Blog post for Blog Action Day
Ecology (from the greek oikos for house) is the study of living organisms in their environment and it’s all about dynamic balance. Nature survives and evolves because living systems can be stable and in continuous motion at the same time. It’s the dynamic balance between predators and preys, for example, that keeps each population in check and prevents the extinction of species.
Homo Sapiens broke away from the ecological balance a very long time ago. We have messed up with ecosystems as long as we can remember. We have been suffering from what Gregory Bateson, in Steps to an Ecology of Mind, calls “hubris” (in Greek tragedies, hubris was the excessive pride and defiance that led characters to the inevitable defeat and ruin).
It pleases us to picture ourselves as the masters of Nature. It reassure us to believe that we are independent, unconstrained, and we can expand infinitely, even if we are stuck on a sphere of less than 4,000 miles in diameter. We feel omnipotent like little children. Yet we have not defeated death, or illness, or fear, or violence. We have transposed them: now it’s more likely that we will suffer by the hand of other humans than by the forces of Nature.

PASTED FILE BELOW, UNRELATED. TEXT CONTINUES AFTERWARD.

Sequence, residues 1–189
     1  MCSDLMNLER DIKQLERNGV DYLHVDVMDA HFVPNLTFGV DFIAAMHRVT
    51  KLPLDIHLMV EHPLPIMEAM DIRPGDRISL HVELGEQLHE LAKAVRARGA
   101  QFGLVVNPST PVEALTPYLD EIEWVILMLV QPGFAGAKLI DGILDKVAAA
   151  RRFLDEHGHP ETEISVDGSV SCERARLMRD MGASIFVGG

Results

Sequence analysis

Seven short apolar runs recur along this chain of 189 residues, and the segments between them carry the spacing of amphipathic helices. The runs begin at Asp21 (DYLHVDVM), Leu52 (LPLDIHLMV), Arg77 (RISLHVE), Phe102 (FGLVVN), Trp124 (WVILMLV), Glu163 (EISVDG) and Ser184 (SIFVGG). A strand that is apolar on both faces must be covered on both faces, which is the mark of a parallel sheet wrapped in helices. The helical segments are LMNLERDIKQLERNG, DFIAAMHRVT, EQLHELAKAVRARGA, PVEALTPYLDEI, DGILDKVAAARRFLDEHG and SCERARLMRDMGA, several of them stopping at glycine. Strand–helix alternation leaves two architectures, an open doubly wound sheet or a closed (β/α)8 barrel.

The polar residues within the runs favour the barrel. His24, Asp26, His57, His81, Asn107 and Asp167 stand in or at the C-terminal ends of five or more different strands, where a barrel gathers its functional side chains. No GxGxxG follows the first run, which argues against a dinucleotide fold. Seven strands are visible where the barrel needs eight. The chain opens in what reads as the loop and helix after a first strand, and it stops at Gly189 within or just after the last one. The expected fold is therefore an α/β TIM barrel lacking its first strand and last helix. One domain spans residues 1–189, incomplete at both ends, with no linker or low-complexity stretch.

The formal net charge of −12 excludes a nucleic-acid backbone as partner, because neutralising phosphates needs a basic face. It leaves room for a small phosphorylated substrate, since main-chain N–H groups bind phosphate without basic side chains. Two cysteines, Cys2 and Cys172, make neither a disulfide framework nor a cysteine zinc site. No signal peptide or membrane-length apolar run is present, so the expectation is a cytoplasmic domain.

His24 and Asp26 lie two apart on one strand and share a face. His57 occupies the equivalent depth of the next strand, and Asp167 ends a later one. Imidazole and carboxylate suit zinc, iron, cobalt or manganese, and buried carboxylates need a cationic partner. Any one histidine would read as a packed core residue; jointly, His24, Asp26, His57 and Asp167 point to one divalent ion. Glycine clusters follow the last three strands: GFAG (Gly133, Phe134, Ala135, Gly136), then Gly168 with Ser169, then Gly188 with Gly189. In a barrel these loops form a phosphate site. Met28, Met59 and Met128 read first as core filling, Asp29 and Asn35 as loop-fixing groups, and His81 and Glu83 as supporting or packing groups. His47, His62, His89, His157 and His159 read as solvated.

It’s not only the relationship with our environment that is unbalanced. We also have a hard time maintain balance in our own lives and societies. Those of us who can, work too much, eat too much, produce too much waste, consume too much energy. One would think that having so much would make us happy, but it doesn’t.
The ecological crisis is not just about breaking our biosphere’s stability beyond repair. It’s about the pervasive tendency towards imbalance that we bring to our lives and our societies. Global warming is just one of the symptoms of human societies’ inability to maintain harmony and equilibrium within and without.
Environmental activism is hard because it’s about changing our habits and life style. Anybody who has tried to quit smoking or lose wait can attest how hard changing habits and getting rid of our addiction is, even when our life is at stake.
We need a global ecological movement. We need a powerful, strong, interconnected grass-root movement that works at regaining balance in our environment, in our societies, and in ourselves. And, to paraphrase Al Gore, we need to act quickly and we need to act together.